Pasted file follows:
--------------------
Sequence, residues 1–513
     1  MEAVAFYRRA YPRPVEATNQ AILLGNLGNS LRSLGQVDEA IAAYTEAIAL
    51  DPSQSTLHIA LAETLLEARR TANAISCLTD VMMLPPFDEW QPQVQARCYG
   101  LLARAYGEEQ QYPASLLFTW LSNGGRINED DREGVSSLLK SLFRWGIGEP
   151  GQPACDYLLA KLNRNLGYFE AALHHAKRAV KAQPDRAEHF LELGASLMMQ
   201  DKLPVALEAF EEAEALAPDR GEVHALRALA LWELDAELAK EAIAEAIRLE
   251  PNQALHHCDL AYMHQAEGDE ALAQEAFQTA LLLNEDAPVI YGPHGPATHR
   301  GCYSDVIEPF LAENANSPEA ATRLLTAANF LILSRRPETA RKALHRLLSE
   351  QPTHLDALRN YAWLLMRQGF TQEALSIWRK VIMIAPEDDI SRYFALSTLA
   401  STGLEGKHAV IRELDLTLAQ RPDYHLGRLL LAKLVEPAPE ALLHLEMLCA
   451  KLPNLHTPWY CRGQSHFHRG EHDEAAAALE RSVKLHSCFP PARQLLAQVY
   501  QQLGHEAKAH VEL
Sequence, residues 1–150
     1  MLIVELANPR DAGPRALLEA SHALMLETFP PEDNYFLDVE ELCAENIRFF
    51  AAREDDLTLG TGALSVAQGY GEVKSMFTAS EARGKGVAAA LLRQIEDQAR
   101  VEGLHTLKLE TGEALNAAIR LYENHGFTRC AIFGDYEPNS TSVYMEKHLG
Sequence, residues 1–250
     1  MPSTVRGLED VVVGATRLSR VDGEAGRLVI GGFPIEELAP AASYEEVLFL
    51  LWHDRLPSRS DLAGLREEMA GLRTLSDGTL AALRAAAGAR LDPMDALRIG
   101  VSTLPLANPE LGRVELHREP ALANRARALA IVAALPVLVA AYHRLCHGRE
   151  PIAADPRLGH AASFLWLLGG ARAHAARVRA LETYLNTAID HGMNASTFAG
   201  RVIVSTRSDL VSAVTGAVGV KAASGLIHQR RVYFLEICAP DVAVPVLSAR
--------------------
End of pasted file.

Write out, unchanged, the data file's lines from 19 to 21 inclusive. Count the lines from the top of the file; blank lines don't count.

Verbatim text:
    51  LWHDRLPSRS DLAGLREEMA GLRTLSDGTL AALRAAAGAR LDPMDALRIG
   101  VSTLPLANPE LGRVELHREP ALANRARALA IVAALPVLVA AYHRLCHGRE
   151  PIAADPRLGH AASFLWLLGG ARAHAARVRA LETYLNTAID HGMNASTFAG